Rather than keeping a to-do list, with tasks that often go unfinished and get recycled onto the next day’s list, Eyal suggests using a timebox calendar.
“Because there are only 24 hours in a day, a calendar forces you to prioritise, to make a choice – do I want to do this or that?” he said.
“With a timebox calendar, the goal is not to finish anything; the goal is to work on that task for as long as you said you would without distraction.”
ADDITIONAL SCHEDULING STRATEGIES
Meetings: Make an agenda for each meeting, so that you and other attendees have an idea of how much time it will take and what you hope to accomplish.
Connections and social media: Rather than read every email the moment it lands in your inbox, schedule two or three specific time slots during the day to batch them.
Similarly, you can allocate a time to make personal phone calls and another to scroll through social media.
Quiet time: With days of back-to-back meetings, it’s hard to fit in time to think and write, often the part of the job that gets relegated to early mornings or late nights.
Eyal likes to use the “do-not-disturb-while-driving” function on his iPhone no matter what task he’s involved in, knowing that if the sender types urgent, the message will come through.
“There’s so much we can do to get the best out of these products without letting them get the best of us,” Eyal said.
Refuel: After a period of focused concentration, it’s important to take a brief micro-break to recharge – like a battery – according to a study in the International Journal Of Stress Management.
Schedule breaks for short unfocused activities, such as a quick walk or some stretching, as well as time to eat lunch.
Exercise: Allotting time for exercise is a proven way to improve focus, memory and productivity.
A British study found that workers experienced a 21 per cent increase in concentration and a 41 per cent increase in motivation on the days they worked out.
CHECK IN WITH YOURSELF
The state of the world is enough to fog anyone’s brain.
“The reason we lose focus most of the time is because we are looking to escape some kind of discomfort, such as stress, anxiety, loneliness or boredom,” Eyal said.
If watching or reading the news increases your anxiety, limit the time you spend doing it.
If you feel lonely or disconnected, schedule time in your day to speak with family or friends.
If you’re bored, take a break and pursue a new hobby.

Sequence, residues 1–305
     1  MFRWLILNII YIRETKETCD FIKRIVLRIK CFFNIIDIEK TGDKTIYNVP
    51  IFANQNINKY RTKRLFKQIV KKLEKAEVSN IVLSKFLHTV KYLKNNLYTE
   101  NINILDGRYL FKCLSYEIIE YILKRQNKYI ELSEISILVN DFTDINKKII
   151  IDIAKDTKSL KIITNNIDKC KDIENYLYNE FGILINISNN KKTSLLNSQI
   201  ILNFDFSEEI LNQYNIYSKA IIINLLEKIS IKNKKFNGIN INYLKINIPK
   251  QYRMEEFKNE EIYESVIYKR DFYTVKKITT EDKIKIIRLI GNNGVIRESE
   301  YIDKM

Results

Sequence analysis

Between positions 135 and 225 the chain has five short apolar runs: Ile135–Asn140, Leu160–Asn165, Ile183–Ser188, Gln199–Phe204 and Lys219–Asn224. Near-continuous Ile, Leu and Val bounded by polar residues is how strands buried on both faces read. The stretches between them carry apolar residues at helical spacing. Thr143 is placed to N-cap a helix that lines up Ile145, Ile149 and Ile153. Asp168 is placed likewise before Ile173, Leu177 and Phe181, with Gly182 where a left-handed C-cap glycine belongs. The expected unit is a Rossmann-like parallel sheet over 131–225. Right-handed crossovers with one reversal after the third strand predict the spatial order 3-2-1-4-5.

Mindfulness meditation involves paying attention to the present moment – your thoughts, emotions and sensations – whatever is happening.
Research has shown that mindfulness practices improve working memory and focus, training the mind to let go of distractions.
“The digital world has been engineered for distraction, and with quick hits from social media, we don’t see how unrewarding these distractions are,” said Judson Brewer, the director of research and innovation at Brown University’s Mindfulness Center and associate professor of psychiatry at the university’s medical school.
Dr Brewer suggests experimenting by leaving on all your phone’s dings and tweets for 20 minutes and asking yourself: “How focused can I get? What does it feel like?” Then turn off all the notification sounds for 20 minutes and ask the same questions.
“Compare those two, and the brain will make the obvious choice – being focused feels better,” Dr Brewer said. “If we can see that focus is rewarding, we can lay that down to memory.”
There are many apps with guided meditations to help you learn and develop mindfulness. The Headspace app recently introduced a Focus mode, aiming to help people focus on “what matters most to them”.
It offers meditation exercises like “preparing for a presentation” and “unlocking creativity”, “exam prep” and “ending your day”.
Focus music is curated by John Legend, the musician and Headspace’s chief music officer, and includes a variety of playlists. The songs are all instrumentals so as not to distract listeners with lyrics.
By Caren Osten Gerszberg © The New York Times
This article originally appeared in The New York Times.